The first book that I read by Douglas Rushkoff was called Throwing Rocks at the Google Bus, and I really enjoyed it. The name refers to the 2013 protests in San Francisco during which shuttle buses from Google and Apple were attacked and vandalized by the protestors.
Team Human is Rushkof’s most recent book that he published last February. He is a sociologist, university professor and, best selling author of several books. Terms such as “Program or be programmed” or “Viral Media” were first coined by him. You can read his bios on his website and Wikipedia page.
At first, I thought Team Human would be an updated CyberPunk manifesto by him. Still, after reading a few chapters, I realized that this isn’t about being a technology Luddite and attacking technological innovations. He is, in fact, very much in favour of technology that augments humanity.
Rushkoff is critical of technologies that are optimizing human behaviour for profit. For example, data mining and algorithms on social media, search engines, eCommerce websites, dating apps, and electronic music. He describes an era of post-colonialism after the invention of the Internet, where corporations are colonizing their own users, employees, and customers.
Those of you who’ve read the books A Brief History Of Time and The Grand Design by Stephen Hawking, you know that he had an incredible ability to explain complex scientific topics in a simple language so the public could comprehend them. Brief Answers To the Big Questions contains frequently asked questions from him and some personal notes. The short answers are about ten pages long each, and for some, you may need at least first-year college-level knowledge of math and physics.
There is a chapter about whether there is a God or not. He doesn’t explicitly say that there is no God, but he explains why the presence of a deity and creator is redundant for a universe to come into existence.
Hawking’s books sound like philosophy to some; that’s because he strips them from his mathematical proofs and formulas. If you were ever wondering about the mathematical proofs, you could try reading his published papers instead. The rest of us with feeble scientific minds may just read his books.
If you have finished reading Sapiens and experiencing withdrawals, fear no more! Homo Deus is the continuation of Sapiens, except that it is focusing on the future of humanity. The first half of the book covers historical topics about theology to humanism and science. Then it goes to discussing Data Religion, Artificial Intelligence, and genetically enhancing humans towards their next evolutionary stage. This book is rich and engaging. I think if I mention any more here, it will spoil it for you. Enjoy this read.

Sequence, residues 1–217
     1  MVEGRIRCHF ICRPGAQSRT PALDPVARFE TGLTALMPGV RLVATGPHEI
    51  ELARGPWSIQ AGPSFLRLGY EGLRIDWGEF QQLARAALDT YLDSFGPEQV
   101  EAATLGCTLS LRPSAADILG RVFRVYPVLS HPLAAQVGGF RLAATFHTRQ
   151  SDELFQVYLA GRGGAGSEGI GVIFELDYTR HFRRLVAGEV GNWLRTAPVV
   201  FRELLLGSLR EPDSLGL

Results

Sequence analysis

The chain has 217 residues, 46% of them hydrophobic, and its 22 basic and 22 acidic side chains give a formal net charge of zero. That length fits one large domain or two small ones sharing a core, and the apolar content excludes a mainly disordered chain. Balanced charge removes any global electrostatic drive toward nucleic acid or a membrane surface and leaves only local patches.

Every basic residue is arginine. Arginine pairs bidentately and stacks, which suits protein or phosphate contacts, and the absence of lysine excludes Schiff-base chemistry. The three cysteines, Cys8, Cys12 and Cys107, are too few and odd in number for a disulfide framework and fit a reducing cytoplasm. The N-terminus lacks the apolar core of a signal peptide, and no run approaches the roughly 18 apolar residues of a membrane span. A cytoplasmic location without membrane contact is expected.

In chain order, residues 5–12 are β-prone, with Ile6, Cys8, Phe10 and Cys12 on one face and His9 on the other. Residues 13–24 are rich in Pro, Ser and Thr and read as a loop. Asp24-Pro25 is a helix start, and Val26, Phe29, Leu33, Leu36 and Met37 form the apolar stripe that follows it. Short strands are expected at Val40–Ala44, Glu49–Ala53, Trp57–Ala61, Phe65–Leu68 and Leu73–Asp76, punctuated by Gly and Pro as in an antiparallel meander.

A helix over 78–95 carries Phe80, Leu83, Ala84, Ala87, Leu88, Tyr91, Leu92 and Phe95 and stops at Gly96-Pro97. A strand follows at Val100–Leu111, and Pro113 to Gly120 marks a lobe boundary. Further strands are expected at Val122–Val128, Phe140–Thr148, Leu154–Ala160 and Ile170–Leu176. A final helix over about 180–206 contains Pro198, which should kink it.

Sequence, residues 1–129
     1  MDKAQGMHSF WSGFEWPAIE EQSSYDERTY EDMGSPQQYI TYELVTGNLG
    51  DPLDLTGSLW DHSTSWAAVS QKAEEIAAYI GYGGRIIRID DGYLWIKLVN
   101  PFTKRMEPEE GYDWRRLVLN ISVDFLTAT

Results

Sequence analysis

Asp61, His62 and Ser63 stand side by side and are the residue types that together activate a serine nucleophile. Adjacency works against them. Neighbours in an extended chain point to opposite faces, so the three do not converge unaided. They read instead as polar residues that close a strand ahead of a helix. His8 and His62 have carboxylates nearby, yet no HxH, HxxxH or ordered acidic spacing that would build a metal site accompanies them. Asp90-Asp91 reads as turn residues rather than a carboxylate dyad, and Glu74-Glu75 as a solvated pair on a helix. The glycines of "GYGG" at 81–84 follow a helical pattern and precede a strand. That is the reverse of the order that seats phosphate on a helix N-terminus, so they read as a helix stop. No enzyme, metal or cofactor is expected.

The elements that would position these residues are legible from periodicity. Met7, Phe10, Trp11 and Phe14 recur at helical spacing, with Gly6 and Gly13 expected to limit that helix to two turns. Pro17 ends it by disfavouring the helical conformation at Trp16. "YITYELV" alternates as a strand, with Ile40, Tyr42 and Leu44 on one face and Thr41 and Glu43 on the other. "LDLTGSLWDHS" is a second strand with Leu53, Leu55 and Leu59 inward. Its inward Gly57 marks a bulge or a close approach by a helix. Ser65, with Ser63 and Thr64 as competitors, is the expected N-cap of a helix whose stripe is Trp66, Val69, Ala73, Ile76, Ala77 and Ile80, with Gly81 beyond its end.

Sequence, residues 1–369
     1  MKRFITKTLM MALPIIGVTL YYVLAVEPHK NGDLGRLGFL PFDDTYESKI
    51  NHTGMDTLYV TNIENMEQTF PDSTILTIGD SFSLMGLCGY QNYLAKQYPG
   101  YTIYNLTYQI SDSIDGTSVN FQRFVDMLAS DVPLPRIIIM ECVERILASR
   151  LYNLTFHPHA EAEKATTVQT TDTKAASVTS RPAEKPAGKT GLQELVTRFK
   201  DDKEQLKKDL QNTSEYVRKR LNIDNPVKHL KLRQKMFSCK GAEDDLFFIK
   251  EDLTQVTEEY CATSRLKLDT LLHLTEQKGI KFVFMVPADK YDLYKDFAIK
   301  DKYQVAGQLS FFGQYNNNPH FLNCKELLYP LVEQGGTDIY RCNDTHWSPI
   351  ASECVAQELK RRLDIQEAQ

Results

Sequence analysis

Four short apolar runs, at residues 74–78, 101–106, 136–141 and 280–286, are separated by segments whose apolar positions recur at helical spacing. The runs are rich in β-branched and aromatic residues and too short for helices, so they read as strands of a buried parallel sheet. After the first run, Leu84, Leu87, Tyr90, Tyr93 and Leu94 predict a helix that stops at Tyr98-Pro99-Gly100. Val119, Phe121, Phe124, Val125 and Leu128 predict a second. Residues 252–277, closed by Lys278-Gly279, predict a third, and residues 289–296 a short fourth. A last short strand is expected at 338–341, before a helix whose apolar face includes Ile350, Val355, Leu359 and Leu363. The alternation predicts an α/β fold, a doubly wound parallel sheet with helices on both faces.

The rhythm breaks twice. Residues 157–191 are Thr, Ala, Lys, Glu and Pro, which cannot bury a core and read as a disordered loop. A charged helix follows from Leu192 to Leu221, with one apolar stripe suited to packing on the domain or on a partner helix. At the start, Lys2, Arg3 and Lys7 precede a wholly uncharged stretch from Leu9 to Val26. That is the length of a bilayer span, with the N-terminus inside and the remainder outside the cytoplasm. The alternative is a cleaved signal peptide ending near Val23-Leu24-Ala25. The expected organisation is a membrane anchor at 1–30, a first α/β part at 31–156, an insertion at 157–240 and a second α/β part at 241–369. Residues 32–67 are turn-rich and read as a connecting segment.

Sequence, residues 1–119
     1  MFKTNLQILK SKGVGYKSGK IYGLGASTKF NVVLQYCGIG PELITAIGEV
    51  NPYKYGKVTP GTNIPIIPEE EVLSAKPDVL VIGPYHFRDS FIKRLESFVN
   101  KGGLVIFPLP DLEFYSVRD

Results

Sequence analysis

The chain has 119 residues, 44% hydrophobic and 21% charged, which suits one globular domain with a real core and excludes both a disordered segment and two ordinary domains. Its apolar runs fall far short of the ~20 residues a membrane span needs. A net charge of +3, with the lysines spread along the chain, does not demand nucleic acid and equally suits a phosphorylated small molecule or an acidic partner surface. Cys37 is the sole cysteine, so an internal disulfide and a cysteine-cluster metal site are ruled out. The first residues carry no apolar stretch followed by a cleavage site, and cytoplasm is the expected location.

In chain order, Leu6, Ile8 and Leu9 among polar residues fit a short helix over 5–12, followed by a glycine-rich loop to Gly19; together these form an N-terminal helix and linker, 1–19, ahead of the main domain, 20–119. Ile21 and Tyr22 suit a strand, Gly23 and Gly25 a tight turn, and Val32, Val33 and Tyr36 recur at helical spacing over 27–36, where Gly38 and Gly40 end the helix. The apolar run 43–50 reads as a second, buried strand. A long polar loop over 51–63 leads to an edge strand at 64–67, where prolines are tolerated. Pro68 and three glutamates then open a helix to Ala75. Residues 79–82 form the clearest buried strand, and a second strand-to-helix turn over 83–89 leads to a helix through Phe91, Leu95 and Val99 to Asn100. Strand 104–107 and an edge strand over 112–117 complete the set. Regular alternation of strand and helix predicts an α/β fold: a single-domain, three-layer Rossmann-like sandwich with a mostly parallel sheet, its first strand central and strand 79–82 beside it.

It’s been a while since I’ve read a book that was hard to put down. I enjoyed every page of this book and was longing for more once I finished it. Harari is an Oxford historian and globally known intellectual who does a good job of connecting the dots. In this book, he talks about how Sapiens managed to accomplish a lot and do a lot of damage at the same time.
Sapiens covers the history of money, religion, corporations, war, technological revolution, and different ideologies. I particularly liked how he studies homo sapiens as an alien anthropologist would. Considering the current political atmosphere in the world, Sapiens answered a lot of my questions and brought clarity about how we managed to get here.
This book is an easy and engaging read. I’ve heard that Yuval has gained quite a following in Silicon Valley, especially for his next book after this called Homo Deus, which is a meditation on the future of humanity.
I found this book in our hallway. One of the neighbors had done a book purge so I dug in and took a few books for myself. This one was from the mid-80s, but I decided to read it anyway because Ilya Prigogine is a physics Nobel prize winner. Scientific books don’t become obsolete as fast. This wasn’t an easy read and it took me a while to finish it. I didn’t understand half of it, but the half that I understood was amazing.
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